Fewer passengers also equate to fewer revenues from passenger facilities charges, which are used to fund capital projects, forcing the MAC to defer $300 million in airport improvements.
The MAC, in turn, has proactively assisted tenants with the financial impacts of the pandemic. We deferred a portion of airline rates and charges for airline tenants, providing $68 million in relief. In addition, we waived Minimum Annual Guarantee (MAG) requirements and provided temporary rent reductions for concession operators, providing $35 million in relief. Concession operators include food and beverage operators, retail operators, and auto rental operators.
What is your passenger demographic?
Per Airport Council International’s (ACI) Airport Service Quality (ASQ) surveys, in 2019 MSP’s split of leisure/VFR and business demographics was about 60 per cent leisure/VFR and 40 per cent business. Conversely, results from 2021 passenger surveys the MAC has conducted indicate about 80 per cent of passengers travelled for leisure/VFR purposes in 2021, and about 20 per cent for business.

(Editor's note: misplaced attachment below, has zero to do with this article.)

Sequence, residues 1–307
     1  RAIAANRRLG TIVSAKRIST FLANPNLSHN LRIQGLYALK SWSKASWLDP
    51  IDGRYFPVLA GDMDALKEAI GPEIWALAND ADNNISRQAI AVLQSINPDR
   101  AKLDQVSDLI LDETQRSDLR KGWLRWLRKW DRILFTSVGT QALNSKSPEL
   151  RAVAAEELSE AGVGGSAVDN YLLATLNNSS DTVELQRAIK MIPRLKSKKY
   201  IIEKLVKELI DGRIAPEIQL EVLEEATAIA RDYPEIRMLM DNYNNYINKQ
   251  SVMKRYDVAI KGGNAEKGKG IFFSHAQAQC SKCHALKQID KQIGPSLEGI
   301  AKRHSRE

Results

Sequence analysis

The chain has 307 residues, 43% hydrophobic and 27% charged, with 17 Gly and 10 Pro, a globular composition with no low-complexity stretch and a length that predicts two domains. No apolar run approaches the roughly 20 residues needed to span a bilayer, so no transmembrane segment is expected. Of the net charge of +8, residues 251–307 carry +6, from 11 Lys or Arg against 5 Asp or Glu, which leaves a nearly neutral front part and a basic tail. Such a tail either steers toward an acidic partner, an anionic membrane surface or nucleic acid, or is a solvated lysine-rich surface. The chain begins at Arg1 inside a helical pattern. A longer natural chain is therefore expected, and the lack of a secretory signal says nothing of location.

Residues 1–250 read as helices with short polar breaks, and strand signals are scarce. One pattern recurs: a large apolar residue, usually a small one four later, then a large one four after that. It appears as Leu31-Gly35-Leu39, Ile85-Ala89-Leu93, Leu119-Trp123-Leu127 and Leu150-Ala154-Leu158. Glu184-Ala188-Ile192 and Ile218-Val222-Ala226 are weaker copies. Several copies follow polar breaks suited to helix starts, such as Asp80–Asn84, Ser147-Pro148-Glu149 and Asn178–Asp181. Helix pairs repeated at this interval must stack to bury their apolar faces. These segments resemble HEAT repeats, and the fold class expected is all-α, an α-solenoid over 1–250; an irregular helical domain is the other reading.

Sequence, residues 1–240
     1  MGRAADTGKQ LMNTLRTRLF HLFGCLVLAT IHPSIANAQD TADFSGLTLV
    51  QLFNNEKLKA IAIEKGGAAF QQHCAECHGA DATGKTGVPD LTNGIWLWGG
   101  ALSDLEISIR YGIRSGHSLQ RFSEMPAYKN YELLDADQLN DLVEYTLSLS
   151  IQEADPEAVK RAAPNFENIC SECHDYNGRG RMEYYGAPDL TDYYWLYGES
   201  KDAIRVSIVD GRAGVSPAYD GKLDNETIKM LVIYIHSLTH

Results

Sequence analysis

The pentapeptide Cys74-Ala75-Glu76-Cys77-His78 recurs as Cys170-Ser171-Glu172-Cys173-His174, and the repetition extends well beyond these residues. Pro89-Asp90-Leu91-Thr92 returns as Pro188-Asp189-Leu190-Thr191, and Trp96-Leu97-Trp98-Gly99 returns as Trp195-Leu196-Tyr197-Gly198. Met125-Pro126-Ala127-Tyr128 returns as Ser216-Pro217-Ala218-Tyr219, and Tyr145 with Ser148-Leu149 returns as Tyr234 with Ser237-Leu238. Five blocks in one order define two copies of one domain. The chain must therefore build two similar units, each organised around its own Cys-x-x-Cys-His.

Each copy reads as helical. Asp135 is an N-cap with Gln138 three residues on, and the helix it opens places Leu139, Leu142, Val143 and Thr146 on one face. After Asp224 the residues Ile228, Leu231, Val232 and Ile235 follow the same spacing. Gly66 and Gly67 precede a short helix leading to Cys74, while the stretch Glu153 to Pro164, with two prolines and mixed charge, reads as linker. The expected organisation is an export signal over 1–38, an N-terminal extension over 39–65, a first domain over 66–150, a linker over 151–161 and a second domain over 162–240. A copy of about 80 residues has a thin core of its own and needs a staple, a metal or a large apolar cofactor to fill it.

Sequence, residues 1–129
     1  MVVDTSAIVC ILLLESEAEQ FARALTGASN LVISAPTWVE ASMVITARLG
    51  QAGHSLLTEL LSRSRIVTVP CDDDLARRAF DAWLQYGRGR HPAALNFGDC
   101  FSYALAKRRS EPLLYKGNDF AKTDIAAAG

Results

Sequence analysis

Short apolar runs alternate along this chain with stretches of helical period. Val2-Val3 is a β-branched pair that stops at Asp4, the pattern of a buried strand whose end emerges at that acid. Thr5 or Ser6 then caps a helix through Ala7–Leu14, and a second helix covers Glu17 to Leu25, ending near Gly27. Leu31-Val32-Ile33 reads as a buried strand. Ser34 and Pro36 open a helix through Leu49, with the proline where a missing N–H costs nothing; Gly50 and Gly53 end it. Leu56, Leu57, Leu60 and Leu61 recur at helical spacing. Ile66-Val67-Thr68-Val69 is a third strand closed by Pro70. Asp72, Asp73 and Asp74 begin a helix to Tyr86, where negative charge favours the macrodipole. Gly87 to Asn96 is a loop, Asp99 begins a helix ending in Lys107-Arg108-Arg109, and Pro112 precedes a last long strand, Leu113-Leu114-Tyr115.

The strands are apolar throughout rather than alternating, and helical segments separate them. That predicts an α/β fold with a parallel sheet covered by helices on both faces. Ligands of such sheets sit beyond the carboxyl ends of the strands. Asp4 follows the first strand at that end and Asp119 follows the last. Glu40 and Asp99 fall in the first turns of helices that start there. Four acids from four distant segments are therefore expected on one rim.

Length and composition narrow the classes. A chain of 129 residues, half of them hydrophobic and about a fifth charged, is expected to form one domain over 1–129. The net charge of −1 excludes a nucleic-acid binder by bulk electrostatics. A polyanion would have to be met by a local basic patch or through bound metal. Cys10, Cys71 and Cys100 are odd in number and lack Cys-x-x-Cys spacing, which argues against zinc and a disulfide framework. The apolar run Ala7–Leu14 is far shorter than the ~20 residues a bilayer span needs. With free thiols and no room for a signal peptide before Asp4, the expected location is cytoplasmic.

With the above in mind, how is the passenger experience geared towards this?
MSP’s concession program has been designed to accommodate robust levels of both business and leisure passengers. A number of concession outlets closed in 2020 during the peak of the pandemic due to significantly reduced passenger activity. As passenger activity recovers, emphasis has focused on opening most of the quick-serve and fast-casual style F&B outlets that leisure travellers tend to prefer. As business passenger activity returns in 2022, efforts will shift toward re-opening the remaining full-service sit-down and specialty retail establishments that have not yet reopened.
What is your route development strategy for the coming years?
MSP has robust air service. MSP is the second largest hub of Delta Air Lines (behind only Atlanta), which operates broad domestic U.S. service. Delta also currently operates trans-oceanic service from MSP to Amsterdam and Paris, and is scheduled to resume service to London and Reykjavik this spring, and Seoul and Tokyo-Haneda this fall.
The airport is the headquarters location and largest base of Sun Country Airlines, MSP’s second largest airline. Sun Country is a rapidly growing ultra-low-cost carrier (ULCC), providing service to a broad range of destinations throughout the U.S., Mexico, and Caribbean specifically designed for leisure passengers. Expansion into Canada (Vancouver) is planned for this summer.